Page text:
Whitmer, LARA Announce Training Requirements to Better Health Care Equity

Today, Governor Gretchen Whitmer and the Department of Licensing and Regulatory Affairs (LARA) took an important step to address health care disparities and improve equity in the delivery of healthcare to all Michigan residents. LARA has adopted new administrative rules that require implicit bias training as part of the knowledge and skills necessary for the licensure or registration of health care professionals in Michigan.


Michigan is a national leader in recognizing and addressing disparities that affect the equitable provision of health care. Last year, upon recommendation by the Michigan Coronavirus Task Force on Racial Disparities, Governor Whitmer issued Executive Directive 2020-07 which directed LARA to begin promulgating rules that incorporated an implicit bias training requirement. Today’s announcement caps nearly 11 months of collaboration and engagement with licensees, insurance providers, hospitals, health care associations, legislators, state agencies, higher education, and community and advocacy groups.


Today’s new training guidelines will help us mitigate the impacts of implicit bias and ensure every patient in Michigan receives the best possible care,” said Governor Gretchen Whitmer. “These rules will save lives and improve health outcomes for generations of Michiganders, especially those who have been historically and systemically discriminated against. They will make Michigan safer, healthier, and more just.”


“Implicit, unconscious bias exists within each of us, and as public servants we have a duty to understand and address how our biases can impact the lives of others,” said Lieutenant Governor Garlin Gilchrist. “The health disparities highlighted during the pandemic made it clear that there is more work to do to ensure that bias does not prevent people of color from experiencing the same access to quality, equitable of health care as everyone else. Today’s new rules, which were a key recommendation of the Michigan Coronavirus Task Force on Racial Disparities, are additional building blocks that will help us create a culture of responsive inclusion that will make make state government and the practice of medical professions in Michigan a national model for equality, understanding, and fairness. I sincerely thank the task force members, partners, and supporters for their work on this important effort.”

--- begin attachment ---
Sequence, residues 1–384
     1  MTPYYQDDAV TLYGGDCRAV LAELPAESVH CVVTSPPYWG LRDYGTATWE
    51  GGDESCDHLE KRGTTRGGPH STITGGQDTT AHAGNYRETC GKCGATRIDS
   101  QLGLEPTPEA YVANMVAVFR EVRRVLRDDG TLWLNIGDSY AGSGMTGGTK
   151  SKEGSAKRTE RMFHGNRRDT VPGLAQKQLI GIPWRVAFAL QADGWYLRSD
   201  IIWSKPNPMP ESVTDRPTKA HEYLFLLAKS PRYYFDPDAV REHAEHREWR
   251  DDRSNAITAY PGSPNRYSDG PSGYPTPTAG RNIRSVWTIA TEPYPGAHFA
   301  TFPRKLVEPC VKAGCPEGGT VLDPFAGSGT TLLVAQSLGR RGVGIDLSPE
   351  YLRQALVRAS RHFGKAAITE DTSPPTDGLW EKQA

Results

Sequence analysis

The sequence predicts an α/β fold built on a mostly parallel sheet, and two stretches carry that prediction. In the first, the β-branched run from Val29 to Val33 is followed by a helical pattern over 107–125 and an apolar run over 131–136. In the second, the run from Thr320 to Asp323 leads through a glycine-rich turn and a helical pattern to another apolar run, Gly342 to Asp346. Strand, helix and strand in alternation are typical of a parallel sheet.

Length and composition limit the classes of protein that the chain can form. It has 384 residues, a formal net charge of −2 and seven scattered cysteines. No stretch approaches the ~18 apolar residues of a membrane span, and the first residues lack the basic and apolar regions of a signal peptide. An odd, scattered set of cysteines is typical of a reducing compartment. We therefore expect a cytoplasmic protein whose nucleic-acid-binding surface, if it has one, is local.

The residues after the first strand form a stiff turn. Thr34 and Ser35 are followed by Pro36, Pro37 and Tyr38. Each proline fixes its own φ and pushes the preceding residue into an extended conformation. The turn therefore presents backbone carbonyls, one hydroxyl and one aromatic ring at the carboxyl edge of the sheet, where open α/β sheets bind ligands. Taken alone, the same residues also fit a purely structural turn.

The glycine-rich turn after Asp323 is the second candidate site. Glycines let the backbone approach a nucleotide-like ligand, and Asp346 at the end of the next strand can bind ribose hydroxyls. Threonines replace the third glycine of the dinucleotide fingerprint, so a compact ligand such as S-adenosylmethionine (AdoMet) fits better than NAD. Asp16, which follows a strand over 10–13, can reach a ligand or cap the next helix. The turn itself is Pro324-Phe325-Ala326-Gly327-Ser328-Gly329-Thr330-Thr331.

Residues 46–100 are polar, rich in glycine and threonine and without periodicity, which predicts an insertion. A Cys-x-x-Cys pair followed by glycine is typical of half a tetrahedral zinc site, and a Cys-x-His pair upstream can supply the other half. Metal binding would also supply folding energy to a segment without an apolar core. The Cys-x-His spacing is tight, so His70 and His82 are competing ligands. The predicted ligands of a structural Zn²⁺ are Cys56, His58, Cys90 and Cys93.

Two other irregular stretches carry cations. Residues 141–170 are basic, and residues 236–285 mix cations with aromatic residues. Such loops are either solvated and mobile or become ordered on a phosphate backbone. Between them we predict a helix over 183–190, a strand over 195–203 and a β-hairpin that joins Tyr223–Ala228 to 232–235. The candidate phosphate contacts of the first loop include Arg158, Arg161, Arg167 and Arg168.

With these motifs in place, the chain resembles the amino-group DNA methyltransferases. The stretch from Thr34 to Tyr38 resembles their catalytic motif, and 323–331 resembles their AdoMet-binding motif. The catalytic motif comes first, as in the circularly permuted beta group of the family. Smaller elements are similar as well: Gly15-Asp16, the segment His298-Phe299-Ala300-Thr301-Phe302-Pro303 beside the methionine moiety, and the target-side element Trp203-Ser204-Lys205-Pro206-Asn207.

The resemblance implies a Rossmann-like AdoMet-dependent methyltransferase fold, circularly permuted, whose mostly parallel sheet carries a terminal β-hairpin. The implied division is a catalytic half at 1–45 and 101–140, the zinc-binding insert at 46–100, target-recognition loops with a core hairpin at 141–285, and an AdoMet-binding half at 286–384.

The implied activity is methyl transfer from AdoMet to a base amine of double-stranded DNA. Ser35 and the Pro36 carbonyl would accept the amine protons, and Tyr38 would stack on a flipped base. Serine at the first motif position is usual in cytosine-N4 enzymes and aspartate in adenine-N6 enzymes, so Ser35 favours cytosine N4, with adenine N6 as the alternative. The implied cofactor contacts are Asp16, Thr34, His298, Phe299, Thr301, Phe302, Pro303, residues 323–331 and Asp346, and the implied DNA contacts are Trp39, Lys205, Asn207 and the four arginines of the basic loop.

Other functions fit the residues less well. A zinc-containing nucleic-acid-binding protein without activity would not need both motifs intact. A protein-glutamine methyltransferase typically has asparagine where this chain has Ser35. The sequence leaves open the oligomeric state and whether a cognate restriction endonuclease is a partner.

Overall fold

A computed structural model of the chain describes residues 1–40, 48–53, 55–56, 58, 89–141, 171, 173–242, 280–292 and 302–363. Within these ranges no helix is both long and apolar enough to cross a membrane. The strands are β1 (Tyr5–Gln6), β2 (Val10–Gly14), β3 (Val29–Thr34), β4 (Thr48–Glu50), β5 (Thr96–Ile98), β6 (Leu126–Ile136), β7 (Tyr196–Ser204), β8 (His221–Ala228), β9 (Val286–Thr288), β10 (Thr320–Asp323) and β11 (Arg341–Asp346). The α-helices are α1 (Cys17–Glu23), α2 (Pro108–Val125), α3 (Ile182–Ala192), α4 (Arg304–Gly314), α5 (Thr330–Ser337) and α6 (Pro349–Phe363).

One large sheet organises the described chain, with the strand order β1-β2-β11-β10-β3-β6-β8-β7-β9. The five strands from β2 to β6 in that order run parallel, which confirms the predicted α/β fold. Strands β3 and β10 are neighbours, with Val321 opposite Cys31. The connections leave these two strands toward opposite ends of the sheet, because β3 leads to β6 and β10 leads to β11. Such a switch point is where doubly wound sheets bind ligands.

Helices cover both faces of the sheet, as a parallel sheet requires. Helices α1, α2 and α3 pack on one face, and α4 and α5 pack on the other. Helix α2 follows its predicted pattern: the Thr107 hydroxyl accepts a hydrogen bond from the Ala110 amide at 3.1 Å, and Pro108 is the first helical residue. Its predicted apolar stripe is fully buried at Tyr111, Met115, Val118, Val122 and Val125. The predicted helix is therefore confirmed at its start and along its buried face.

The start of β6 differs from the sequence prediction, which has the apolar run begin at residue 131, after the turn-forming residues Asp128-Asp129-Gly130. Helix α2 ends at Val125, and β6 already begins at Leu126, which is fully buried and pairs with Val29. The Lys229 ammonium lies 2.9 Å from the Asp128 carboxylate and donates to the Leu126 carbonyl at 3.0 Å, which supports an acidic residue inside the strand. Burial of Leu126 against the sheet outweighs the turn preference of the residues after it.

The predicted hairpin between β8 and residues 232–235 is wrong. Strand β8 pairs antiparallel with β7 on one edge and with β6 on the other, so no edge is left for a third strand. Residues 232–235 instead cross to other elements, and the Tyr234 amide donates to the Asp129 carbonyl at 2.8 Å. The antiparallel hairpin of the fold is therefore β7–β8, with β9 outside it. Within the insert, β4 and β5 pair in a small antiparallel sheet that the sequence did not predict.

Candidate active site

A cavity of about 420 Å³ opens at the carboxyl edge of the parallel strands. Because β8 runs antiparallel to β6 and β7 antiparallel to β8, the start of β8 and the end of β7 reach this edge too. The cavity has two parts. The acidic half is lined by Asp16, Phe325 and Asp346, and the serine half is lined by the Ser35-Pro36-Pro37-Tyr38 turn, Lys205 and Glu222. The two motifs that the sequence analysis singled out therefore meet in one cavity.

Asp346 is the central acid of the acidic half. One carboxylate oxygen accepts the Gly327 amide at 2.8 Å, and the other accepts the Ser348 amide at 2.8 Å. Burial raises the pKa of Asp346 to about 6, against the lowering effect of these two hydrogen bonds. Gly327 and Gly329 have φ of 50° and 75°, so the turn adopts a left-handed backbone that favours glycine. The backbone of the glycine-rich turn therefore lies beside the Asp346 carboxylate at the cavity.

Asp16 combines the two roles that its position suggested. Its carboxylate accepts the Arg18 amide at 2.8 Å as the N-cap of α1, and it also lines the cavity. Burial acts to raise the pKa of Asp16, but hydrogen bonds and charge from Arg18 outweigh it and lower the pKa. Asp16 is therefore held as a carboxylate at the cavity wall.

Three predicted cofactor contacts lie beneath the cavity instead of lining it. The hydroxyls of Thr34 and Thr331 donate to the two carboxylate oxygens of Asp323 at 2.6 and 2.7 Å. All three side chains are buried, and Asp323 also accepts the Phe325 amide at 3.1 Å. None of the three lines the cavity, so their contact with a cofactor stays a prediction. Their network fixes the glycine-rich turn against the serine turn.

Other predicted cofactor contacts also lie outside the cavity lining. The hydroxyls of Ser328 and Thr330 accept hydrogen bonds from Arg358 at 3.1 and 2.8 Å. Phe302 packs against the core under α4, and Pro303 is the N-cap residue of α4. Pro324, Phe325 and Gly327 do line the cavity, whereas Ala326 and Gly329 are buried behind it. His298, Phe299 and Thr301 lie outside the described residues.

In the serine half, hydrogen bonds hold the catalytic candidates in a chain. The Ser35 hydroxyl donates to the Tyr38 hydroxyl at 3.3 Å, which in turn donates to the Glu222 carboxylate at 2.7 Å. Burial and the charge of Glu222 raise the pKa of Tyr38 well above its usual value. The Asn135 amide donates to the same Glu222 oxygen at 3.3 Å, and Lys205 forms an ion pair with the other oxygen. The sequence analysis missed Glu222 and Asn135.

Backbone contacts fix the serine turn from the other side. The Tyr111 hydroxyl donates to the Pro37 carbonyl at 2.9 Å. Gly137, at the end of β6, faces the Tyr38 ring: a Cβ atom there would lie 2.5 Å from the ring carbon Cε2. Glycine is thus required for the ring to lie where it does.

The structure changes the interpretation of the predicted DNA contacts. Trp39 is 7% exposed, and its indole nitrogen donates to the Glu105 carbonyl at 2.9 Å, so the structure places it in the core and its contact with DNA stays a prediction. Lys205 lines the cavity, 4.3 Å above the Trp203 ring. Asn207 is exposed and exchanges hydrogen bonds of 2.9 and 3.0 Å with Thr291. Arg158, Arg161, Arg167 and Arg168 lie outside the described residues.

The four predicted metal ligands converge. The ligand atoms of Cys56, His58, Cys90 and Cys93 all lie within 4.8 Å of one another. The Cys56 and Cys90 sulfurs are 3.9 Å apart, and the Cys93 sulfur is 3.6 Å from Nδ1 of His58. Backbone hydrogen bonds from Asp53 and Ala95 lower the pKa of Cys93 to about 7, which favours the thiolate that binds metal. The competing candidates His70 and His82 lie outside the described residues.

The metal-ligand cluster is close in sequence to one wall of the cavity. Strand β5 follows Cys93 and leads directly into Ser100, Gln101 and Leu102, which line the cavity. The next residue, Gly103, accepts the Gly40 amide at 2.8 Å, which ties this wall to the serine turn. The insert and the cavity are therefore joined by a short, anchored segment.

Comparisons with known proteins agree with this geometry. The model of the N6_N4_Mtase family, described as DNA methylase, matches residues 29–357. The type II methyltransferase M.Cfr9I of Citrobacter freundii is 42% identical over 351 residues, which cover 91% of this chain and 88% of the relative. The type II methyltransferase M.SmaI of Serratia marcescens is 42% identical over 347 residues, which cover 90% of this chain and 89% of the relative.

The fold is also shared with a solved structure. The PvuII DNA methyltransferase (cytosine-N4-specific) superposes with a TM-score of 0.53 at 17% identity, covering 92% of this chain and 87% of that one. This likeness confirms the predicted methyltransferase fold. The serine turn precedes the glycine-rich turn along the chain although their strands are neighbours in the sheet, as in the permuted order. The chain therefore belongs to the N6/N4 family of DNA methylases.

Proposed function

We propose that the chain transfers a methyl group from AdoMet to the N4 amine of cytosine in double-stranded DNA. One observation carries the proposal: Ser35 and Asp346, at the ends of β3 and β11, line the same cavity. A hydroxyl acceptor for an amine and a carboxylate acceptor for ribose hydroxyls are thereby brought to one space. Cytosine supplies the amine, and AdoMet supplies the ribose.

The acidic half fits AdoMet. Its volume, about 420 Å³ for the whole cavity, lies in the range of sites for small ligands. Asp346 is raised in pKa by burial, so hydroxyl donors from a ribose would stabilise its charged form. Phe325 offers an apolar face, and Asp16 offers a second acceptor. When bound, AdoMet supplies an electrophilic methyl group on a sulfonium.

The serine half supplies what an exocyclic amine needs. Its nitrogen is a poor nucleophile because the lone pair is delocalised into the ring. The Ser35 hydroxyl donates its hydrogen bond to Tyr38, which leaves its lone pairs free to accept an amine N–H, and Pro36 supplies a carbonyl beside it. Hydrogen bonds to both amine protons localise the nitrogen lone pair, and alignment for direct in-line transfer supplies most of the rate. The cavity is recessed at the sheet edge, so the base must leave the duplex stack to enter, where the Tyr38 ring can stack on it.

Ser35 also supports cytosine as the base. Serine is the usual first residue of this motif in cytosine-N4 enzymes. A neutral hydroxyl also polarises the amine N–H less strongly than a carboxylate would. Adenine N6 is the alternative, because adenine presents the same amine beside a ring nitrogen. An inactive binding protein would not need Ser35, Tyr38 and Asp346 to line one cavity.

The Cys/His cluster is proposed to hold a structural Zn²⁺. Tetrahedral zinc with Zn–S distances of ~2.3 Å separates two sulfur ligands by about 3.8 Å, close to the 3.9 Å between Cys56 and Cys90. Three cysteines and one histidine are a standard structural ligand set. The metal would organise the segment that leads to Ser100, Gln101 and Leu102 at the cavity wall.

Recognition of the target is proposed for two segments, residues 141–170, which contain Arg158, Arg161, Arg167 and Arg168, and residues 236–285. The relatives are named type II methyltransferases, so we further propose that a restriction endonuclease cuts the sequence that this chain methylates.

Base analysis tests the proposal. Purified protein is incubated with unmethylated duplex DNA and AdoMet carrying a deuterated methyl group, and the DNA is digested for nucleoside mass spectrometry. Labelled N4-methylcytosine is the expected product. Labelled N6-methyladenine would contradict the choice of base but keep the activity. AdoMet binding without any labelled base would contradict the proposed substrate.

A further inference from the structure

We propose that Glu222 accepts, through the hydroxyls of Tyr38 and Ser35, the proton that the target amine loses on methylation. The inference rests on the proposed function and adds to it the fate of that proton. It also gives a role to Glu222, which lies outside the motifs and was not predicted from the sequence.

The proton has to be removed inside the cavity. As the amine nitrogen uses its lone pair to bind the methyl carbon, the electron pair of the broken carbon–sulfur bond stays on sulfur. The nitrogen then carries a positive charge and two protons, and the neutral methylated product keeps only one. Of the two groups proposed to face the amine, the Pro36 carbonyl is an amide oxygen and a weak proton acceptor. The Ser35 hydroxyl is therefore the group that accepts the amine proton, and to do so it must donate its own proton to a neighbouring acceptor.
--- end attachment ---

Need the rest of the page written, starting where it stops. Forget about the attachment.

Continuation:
New applicants for licensure or registration will need to complete a minimum of 2 hours of training, and applicants for renewal will need to complete a minimum of 1 hour of training each year.  The annual training curriculum can cover a variety of topics related to implicit bias but must incorporate strategies to reduce disparities including the administration of self-assessments.


“LARA is proud to support our health care professionals in delivering the highest quality of care to all patients,” said LARA Director Orlene Hawks.  “While technical knowledge and clinical skills should always be held to a high standard, it is equally important that health professionals understand the ways in which they view and interact with the communities they serve.  As a result of this new training requirement, we anticipate improvements in the delivery of care, stronger relationships with communities, and ultimately better health outcomes.”


Michigan currently licenses over 400,000 health care professionals. The new rules, signed by LARA Director Orlene Hawks, require that health care professionals receive annual training to recognize and mitigate implicit bias. These rules aim to reduce disparities and improve equity in the delivery of health care to Michigan residents through practical education of new and renewing licensed health care professionals.


As a member of the Racial Disparities Task Force, I am proud to see Governor Whitmer and the state of Michigan adopt our implicit bias recommendation,” said Renee Canady, CEO of Michigan Public Health Institute. “Thanks to LARA’s swift action and implementation, health care professionals will now be trained to recognize and correct their own biases towards the Michiganders they serve. This new rule is a huge first step in our work to create a health care system that equitably serves everyone in our state.”

“Ensuring health care workers receive implicit bias training is a major, positive step toward improving health outcomes for Black and Brown Michiganders,” said Democratic Vice Chair of the Joint Committee on Administrative Rules, Rep. Kyra Harris Bolden. “I’m grateful to have worked with Governor Whitmer on this important policy priority for the past year, during the coronavirus pandemic, which has laid bare the disparities in health outcomes facing communities of color.”


The new requirement will be effective June 1, 2022, which will allow training sponsors time to develop courses and applicants an opportunity to take training prior to their next renewal date.  Implicit bias training may be sponsored by a nationally or state recognized health-related organization, an accredited college or university, a state or federal agency, a continuing education program approved by a state licensing board, or an organization specializing in diversity, equity, and inclusion issues.  Several health care providers already offer implicit bias training and various health associations are currently developing training for their members.


The new requirements are included in sections R 338.7001 – 338.7005 of the Public Health Code – General Rules. 

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